Raw Baklava with Saffron Ice Cream

I can remember the first time I had baklava.  I was at a Middle Eastern restaurant and I decided to try some.    After all, walnuts in crispy paper thin pastry with sweet honey sounded awfully delicious!  The mad behind the counter dished out a large piece just oozing with honey.  I sat down at a table and was salivating.  I couldn't wait to dive in.  It was amazing...the sweet honey, the crunchy nuts, the crispy filo and scent of rosewater.  How had I never tried this heavenly creation before?

That was back in high school, and since then I have always thought that baklava was delicious.  Well, most of it.  I have had some at times that has so much honey that it is far too gooey and the filo gets weighed down.  But a good Middle Eastern restaurant will serve perfect balanced baklava.

I hadn't had any baklava in a while, because I am trying to stay away from refined sugars and flours and I know the traditional version has plenty of sugar...which is what makes it so sweet.  Although I have made a few versions at home in the past using only maple syrup or coconut nectar and they were wonderful, I decided that I wanted to create a raw vegan version last weekend.

I made crispy "filo" layers that were more like tuiles or abstract versions of the filo, but still delicious out of apples and almonds laced with cinnamon. They went perfectly with the sweet walnut filling I created, adding in some coconut and dates for extra deliciousness.

The baklava had it all, crunchy, sweet and nutty...well, almost all.  It needed to be served with a creamy element I decided, and what better than ice cream?  So I made a raw saffron ice cream to accompany it.  As a whole, it was wonderful and I couldn't help but be in my happy place while enjoying it.  It was so good I didn't even share this time.

Raw Baklava with Saffron Ice Cream
Serves 2

"Filo" sheets:
1 large organic apple
1/2 cup almond meal
a pinch of sea salt
1 tsp raw coconut nectar or maple syrup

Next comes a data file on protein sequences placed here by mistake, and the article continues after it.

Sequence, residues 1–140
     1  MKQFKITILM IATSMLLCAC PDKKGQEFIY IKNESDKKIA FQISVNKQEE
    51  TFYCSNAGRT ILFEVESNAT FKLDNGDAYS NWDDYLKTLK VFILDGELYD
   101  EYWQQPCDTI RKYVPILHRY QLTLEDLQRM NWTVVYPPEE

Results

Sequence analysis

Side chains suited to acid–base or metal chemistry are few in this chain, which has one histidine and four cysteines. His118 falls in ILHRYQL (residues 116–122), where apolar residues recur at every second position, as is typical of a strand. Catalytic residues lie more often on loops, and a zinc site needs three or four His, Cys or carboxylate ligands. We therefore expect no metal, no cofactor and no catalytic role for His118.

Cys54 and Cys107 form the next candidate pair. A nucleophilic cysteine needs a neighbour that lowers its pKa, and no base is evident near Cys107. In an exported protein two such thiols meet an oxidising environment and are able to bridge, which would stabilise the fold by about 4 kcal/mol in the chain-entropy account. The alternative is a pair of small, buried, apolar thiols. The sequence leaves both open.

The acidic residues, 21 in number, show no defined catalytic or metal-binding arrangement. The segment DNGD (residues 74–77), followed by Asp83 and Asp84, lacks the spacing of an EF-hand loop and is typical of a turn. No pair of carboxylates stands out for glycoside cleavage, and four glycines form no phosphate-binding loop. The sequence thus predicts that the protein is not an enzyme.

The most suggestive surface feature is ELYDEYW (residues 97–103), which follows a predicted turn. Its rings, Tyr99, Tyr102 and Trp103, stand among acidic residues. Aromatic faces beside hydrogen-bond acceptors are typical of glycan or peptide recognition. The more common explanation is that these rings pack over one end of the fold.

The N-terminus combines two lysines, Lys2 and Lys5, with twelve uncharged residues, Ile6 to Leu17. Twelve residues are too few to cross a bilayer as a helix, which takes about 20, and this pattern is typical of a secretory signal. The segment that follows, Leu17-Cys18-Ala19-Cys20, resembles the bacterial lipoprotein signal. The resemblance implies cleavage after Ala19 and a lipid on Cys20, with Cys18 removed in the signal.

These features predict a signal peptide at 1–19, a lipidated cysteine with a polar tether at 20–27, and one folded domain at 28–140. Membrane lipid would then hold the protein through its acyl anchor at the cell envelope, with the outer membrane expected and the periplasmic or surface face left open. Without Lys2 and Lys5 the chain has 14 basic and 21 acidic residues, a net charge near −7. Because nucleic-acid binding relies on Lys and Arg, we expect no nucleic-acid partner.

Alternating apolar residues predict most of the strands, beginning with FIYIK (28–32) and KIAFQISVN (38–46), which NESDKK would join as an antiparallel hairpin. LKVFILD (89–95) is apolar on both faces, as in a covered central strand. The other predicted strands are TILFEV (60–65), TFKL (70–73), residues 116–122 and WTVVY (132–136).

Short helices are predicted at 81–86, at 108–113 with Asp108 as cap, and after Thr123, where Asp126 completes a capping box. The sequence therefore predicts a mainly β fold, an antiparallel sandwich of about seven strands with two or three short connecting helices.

1/4 tsp ground cinnamon

Filling:
1 cup walnuts
6 dates
1 cup large flake coconut
1/4 tsp cinnamon
1/4 tsp rosewater
2 Tbsp raw coconut nectar or maple syrup plus additional for serving

For the "filo sheets", combine the apple, almond meal, sea salt, nectar, and cinnamon in a food processor and process until smooth.  Spread out thinly onto a teflex lined dehydrator sheet in a large square.  Dry for a few hours, or until not tacky anymore, then score into 9 squares.  Place back in the dehydrator for about another 6-8 hours or until very crispy.  Remove squares (you will have one extra to snack on).
For the filling, combine walnuts, dates, coconut, and cinnamon and rosewater in a food processor and pulse until well combined but not pureed.  You want to have chunks still.  Add 2 Tbsp nectar and pulse a few more times.  Remove from the food processor.
To assemble, set out 2 plates.  Drizzle each with a bit of the nectar.  Place one filo square on each, and top with 1/3 of the walnut mixture (deviding evenly between the two).  Top each with another square, then half the remaining filling (deviding evenly between the two).  Then another square, then the rest of the filling then another square.  Drizzle each baklava with a bit more nectar, and scoop some saffron ice cream beside each (recipe follows).  Enjoy!

Raw Saffron Ice Cream:
a large pinch safforn
1/2 cup coconut water
1 cup raw cashews, soaked overnight and drained
1 cup young coconut meat, chopped
1/4 cup raw coconut nectar
1 tsp rosewater
seeds of one vanilla bean
a pinch of sea salt
1/4 cup coconut oil, warmed to liquid

Warm the coconut water to 100 degrees or so, and place the saffron in it to steep.  Let sit until cooled.  Add to a food processor, along with cashews, coconut meat, nectar, rosewater, vanilla, and sea salt.  Process until smooth, then with the processor running, add the coconut oil slowly and process until well incorporated, about a minute. Pour the mixture into an ice cream maker and process according to directions.  Remove from ice cream maker, and pour into a freezer safe container.  Let chill in the freezer for a few hours until a little more firm before scooping.

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About the Author

I am a vegan girl who loves to make healthier desserts and dishes with lots of veggies. Recipes are meant to be shared, that is why I started blogging!

27 Comments
  1. Sunnie
    October 2, 2012 at 12:20
    Reply